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You might like to consider how the opening description of setting foreshadows the eventual death of both the scarlet ibis and of Doodle, who you are right to identify as being linked through symbolism in a very profound way. Consider the description that opens the story, and note the way that death is refered to:
The flower garden was stained with rotting brown magnolia petals, and ironweeds grew rank amid the purple phlox. The five o'clocks by the chimney still marked time, but the oriole nest in the elm was untenanted and rocked back and forth like an empty cradle. The last graveyard flowers were blooming, and their smell drifted across the cotton field and through every room of our house, speaking softly the names of our dead.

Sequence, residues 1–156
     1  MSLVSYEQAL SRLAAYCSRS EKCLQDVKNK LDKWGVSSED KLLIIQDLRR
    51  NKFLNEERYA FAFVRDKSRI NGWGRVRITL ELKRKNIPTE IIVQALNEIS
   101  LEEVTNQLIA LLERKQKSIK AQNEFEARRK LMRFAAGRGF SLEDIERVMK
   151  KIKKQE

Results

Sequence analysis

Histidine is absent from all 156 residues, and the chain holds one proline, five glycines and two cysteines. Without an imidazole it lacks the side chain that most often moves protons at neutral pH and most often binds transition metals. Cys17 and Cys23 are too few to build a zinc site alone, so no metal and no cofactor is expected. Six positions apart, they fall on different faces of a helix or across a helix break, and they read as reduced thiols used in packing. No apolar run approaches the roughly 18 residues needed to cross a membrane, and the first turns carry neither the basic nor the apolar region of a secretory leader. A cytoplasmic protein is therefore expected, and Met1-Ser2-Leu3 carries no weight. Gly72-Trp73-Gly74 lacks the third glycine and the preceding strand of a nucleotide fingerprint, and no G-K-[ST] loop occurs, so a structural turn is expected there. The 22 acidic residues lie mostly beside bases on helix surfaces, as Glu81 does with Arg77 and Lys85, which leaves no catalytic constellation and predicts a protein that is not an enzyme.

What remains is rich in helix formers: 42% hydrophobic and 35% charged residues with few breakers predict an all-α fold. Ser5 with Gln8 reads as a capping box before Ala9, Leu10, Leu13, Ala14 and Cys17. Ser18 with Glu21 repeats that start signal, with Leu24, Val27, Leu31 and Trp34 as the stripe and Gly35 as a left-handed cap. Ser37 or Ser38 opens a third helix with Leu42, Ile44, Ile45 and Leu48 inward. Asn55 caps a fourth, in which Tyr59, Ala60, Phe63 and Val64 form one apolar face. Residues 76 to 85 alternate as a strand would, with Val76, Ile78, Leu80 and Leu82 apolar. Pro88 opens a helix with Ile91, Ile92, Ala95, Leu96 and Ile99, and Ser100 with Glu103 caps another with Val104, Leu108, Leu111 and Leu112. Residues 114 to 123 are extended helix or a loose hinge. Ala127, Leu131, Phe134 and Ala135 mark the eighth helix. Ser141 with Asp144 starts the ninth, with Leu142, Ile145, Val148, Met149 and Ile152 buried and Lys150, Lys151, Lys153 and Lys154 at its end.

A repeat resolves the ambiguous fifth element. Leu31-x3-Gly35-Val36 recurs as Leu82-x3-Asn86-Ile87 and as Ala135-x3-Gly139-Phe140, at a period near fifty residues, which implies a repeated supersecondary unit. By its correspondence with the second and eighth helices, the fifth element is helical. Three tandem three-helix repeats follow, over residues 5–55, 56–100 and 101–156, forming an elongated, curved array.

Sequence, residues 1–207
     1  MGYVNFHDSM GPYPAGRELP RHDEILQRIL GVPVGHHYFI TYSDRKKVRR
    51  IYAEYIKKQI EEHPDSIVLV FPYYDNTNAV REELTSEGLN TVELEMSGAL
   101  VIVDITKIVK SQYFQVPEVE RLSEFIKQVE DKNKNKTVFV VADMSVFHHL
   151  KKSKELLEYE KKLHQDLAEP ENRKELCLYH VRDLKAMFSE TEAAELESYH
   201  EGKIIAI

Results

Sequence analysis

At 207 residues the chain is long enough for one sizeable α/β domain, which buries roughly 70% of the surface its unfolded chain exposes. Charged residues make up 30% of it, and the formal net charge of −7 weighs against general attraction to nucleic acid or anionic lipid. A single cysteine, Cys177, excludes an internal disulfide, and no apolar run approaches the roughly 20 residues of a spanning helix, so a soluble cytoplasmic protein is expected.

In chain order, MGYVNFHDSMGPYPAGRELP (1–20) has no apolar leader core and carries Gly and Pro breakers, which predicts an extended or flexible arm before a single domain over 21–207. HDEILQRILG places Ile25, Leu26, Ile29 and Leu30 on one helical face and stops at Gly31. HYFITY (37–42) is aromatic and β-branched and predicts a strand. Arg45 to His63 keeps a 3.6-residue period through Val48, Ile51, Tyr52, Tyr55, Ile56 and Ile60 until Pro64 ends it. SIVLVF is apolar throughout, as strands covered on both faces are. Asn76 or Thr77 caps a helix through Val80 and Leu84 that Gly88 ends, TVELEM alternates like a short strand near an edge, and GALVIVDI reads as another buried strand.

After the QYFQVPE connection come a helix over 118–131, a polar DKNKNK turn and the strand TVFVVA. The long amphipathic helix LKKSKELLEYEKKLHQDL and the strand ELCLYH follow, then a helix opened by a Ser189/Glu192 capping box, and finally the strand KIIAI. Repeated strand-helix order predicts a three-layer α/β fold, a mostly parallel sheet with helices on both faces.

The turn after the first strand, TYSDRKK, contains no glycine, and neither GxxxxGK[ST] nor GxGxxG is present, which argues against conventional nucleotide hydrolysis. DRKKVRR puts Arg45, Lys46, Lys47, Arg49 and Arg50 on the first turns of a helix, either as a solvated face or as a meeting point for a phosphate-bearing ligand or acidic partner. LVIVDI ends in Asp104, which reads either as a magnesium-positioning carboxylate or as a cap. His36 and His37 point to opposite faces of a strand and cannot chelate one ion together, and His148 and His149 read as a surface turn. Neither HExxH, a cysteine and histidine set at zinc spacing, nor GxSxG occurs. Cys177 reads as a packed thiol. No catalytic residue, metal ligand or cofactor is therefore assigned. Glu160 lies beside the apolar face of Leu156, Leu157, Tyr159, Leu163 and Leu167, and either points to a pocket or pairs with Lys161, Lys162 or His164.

Note the way that this opening paragraph becomes strongly symbolic of the dead and the dying. Words such as "rotting" and "untenanted" and "rank" all bring to mind the death of various forms of nature, and let us not forget the way that in the opening sentence of the novel, the tree where the scarlet ibis settles is described as "bleeding." Lastly, the scent of the flowers in the graveyard provide an unescapable reminder of death and mortality.
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